The Trouble With Invisible Illness.

This week I received some news I was expecting, yet still wasn’t fully prepared for. The doctor told me I needed a referral to the Chronic Fatigue Syndrome clinic (often known as M.E. but I’ll be calling it CFS) and that I had Fibromyalgia as well (fibro). She prescribed me some painkillers and off I went.

It probably took me 48 hours to realise just what these diagnoses meant. For years I have suffered from pain. When I was pregnant with kiddo the pain was absolutely unbearable. I couldn’t move without excruciating shooting pains and I ached all over. I slept an average of 3 hours a night (good training for when kiddo arrived to be honest) and agony was the norm. After pregnancy I recovered.

Kiddo hasn’t slept properly in 3 years. Despite this I ran a business and was able to cope. Once he started school I would nap in the day and feel tired, but my life didn’t change. I still went to the gym and made it out with my friends in the evenings. Then one day, it stopped. Everything that was manageable was no more. Without going into detail I ended up closing my business so that I could survive. Then slowly things returned to normal. I exercised and socialised and coped with sleep deprivation. Then in October everything changed.

Our family experienced a tragic bereavement. It sent shock waves through us all and cracks began to show in my health. I was taken to hospital by ambulance suffering from chronic pain in my abdomen and prescribed bed rest. I took maybe 3 days off? And then carried on as normal. Over the next 3 months I felt like more and more of a failure. Why wasn’t I coping? Why couldn’t I do this anymore? The pain in my body was returning more and more regularly. I had always just brushed it aside in the past. After all, kiddo was more important. He must be put first. I was probably just being dramatic. Then on Boxing Day I felt a pain I’d only experienced in pregnancy shoot through me like a lightening bolt. Even the air that gently washed over me caused agonising pain. Lying down was hideous, even the bed covers felt like they were burning my skin. I just rode it out. A few days later I was sent to hospital again having lost clear vision in my right eye. Once again it was put down to exhaustion. I don’t think I managed to get out of bed for 10 days.

Once kiddo was back at school I saw my doctor. She looked at me with kind eyes and explained that my symptoms were typical of CFS and fibro, and that she was referring me for more specialist help. And that was that. But I was left with one huge overhanging question that I still don’t know how to answer.

How am I supposed to parent a severely autistic child with major ADHD and a sleep disorder whilst recovering from an invisible chronic illness? How? For months I have felt inadequate, as though I’m not cut out to be a carer, because other people seemed to be coping so much better than me. I think I preferred that feeling to the terror that fills my soul when it comes to keeping my child safe when I’m in a flare up and my symptoms are debilitating.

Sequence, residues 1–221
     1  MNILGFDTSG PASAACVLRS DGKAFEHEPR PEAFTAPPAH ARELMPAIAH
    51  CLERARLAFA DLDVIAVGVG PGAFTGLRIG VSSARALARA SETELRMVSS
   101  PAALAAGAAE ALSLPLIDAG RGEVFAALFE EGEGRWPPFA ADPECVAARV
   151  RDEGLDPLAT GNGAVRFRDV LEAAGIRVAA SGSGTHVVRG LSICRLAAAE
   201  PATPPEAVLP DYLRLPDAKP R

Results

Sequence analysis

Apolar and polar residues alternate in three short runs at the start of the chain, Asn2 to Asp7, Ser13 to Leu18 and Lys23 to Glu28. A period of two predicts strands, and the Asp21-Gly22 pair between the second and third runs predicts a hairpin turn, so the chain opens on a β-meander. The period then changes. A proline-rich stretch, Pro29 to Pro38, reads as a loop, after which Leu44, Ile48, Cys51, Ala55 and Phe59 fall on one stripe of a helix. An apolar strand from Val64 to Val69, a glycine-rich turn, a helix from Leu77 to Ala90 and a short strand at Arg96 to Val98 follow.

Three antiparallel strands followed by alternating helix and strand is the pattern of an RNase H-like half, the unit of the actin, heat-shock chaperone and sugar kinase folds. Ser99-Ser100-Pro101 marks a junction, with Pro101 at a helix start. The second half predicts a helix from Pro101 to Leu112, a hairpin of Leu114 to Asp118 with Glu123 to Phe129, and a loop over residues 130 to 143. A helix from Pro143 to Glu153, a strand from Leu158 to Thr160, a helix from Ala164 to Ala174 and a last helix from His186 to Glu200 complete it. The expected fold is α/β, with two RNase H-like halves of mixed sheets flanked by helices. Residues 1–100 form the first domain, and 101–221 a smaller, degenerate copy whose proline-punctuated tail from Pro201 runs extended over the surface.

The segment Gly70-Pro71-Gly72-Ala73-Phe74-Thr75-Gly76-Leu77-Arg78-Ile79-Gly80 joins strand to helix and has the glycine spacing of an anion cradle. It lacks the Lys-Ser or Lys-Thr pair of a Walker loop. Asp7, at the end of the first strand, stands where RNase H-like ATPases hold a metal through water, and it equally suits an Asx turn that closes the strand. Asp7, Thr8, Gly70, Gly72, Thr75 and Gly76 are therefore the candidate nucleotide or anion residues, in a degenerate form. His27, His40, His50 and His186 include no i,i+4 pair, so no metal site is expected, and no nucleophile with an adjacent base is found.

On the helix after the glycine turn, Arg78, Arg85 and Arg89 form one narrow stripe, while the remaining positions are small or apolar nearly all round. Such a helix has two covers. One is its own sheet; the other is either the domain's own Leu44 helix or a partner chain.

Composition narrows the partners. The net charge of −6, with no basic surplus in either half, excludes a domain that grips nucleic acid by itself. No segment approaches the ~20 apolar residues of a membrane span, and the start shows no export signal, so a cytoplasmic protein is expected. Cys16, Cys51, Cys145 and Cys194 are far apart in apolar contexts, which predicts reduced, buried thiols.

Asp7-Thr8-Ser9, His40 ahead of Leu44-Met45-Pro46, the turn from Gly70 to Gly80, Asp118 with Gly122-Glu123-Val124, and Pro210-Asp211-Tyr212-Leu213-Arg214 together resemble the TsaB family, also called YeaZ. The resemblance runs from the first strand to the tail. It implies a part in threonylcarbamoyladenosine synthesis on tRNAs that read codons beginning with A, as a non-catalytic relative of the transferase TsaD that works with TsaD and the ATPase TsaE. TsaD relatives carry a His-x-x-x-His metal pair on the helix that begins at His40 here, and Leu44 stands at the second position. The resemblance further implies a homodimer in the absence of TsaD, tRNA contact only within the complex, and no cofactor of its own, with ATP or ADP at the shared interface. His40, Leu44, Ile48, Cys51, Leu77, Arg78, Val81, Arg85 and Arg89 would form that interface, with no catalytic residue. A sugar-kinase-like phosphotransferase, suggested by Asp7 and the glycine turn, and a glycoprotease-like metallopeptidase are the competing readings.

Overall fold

But this is where I am. I’ve dealt with challenges before and I’m going to deal with this one now. There’s no doubt our family needs extra support from the authorities, but that’s another story. I’m reading up on every homeopathic and mindfulness technique I can, along with specific fibro exercises. When kiddo is at home it’s a no go though, and that’s ok.

Our home life just got even more complicated and the needs of our family even more complex. But what I do know is that I was never a failure. I was never coping less than the others around me. My circumstances were just completely different, and I had no idea. I just assumed everyone felt like I did. Off they all went on their runs whilst their SEN kids were in school, and I was struggling to make it home from the school run.

The trouble with invisible illness is that it’s not just invisible to others, it’s often invisible to you too. When you’re caring for someone with disabilities it’s a new experience. You don’t know how you’re supposed to feel do you? So you just get on with it. Until at some point you can’t anymore, and a medical professional (if you’re lucky) sheds some light on the subject.

The goal of my blog has now changed. It’s still The Autism Diaries and kiddo will be my main focus. But our family has evolved and we now encompass so much more. I’ll be talking about my illness because there could be so many of you with no idea that how you feel is not the norm. Yes you are carers, but you deserve to be cared for too.

Thanks for reading,
Danielle

One thought on “The Trouble With Invisible Illness.

  1. I understand. I don’t have a chronic illness (at least, not at this point), but much of this is how I felt about parenting Baguette before her diagnosis–why is this so much harder for me than it seems to be for everyone else? She’s always been a happy girl, but why did she need me to be with her so much more and focus on her so much more and do so much more than her peers needed from their parents? And then we learned that the reason it was harder for me was that it was harder for her.

    And this is without a health issue of my own! Good thoughts to you, and healing.

    Liked by 1 person

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